McD's moved into the historic building in 1997, after the interior got a complete refurbishment. In case you've ever wondered, The Irish Times also shared how much McDonald's agreed to fork over for the space: £47,000 a year, or around $61,000 USD. Finding the little fast food joint is a bit of a challenge for out-of-towners, as there are no giant golden arches to guide the way. You need to get up close to see the signs — otherwise, it's easy to overlooked this McD's tucked away in a historic shell.

The Bell on the beach

Thrillist stumbled across this national treasure in 2013, and they called it "the greatest Taco Bell in the world".

We agree.

There are around 7,000 Taco Bell locations in the world, and you know the look: vaguely southwestern, bright colors, with the promise of Mexican food that no one who grew up in Mexico would recognize. But their restaurant in Pacifica, California isn't just a place to go for lunch, it's a place to hang. It's an old-school, wood-sided building that stands right on the beach. That's not an exaggeration, either. Stairs off the wrap-around deck (where you can sit and eat all the tacos your heart desires) lead right down onto the sand. They cater to customers just getting out of the water and off of their boards, and to keep the sand mostly outside, there's a walk-up order window. The views of the ocean are incredible, and who doesn't want to grab some oh-so-good, oh-so-bad-for-you fast food while feeling the sea breeze in your hair?

The most beautiful McDonald's in the world, Portugal

Head off to Europe, and you might expect to find yourself enchanted by their cafes. But their McDonald's? Maybe not, but there's a McDonald's in Porto, Portugal that will absolutely change your mind about what a McDonald's should be.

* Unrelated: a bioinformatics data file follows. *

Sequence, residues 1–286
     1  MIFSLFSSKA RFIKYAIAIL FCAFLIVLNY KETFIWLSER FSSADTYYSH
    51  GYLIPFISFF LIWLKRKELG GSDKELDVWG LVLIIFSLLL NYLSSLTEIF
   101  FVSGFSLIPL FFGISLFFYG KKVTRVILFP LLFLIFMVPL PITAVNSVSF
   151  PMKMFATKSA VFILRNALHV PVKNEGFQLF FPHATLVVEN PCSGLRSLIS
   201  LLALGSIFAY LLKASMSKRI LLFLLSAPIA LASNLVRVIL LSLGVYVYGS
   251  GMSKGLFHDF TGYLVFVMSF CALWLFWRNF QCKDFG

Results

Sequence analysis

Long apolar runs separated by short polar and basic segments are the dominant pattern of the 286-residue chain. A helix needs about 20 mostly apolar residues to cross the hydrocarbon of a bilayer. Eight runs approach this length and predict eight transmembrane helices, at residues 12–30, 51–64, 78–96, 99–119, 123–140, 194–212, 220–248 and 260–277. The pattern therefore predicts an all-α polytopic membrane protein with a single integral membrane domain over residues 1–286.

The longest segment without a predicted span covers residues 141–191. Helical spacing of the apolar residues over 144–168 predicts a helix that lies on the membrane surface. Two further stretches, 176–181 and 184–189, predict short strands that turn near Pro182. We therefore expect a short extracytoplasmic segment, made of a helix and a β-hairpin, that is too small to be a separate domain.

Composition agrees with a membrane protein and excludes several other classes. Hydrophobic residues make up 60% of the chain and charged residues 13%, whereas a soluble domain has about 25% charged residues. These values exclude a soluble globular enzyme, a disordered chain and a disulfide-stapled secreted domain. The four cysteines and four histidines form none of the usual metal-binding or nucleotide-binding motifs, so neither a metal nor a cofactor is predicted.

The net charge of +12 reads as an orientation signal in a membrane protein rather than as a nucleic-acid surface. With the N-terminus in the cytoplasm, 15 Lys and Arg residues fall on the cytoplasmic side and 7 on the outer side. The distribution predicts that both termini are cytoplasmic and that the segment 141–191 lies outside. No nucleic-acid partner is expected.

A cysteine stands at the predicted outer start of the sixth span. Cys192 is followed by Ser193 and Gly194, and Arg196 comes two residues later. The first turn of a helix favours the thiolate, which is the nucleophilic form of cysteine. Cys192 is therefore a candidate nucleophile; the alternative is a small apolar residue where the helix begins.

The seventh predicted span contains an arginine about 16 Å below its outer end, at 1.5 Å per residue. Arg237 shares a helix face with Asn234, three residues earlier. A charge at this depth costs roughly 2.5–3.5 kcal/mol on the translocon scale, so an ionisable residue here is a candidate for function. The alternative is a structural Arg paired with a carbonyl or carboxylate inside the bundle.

Local Porto says the restaurant moved into the building in 1995, after a complete restoration that preserved every bit of the structure's 1930s charm and elegance. It was given its nickname — McDonald's Imperial — because of the eagle that stands watch over the sign out front (and because the building formerly housed the Imperial Café). Inside, it's all stained glass, arched ceilings, and chandeliers, surrounded by such a perfectly preserved art deco style that you'll find yourself expecting customers in fancy dress to come strolling up to the counters.

And the menu even reflects a bit of that old school sort of charm. There are some special items on the menu here, like a cinnamon-topped custard tart served alongside your coffee.

Starbucks' shipping container stores, various locations

While you might never get to see some of the more obscure locations we're talking about here, it's entirely possible you're going to find yourself visiting these nifty little mini-Starbucks stores some time in the not-too-distant future.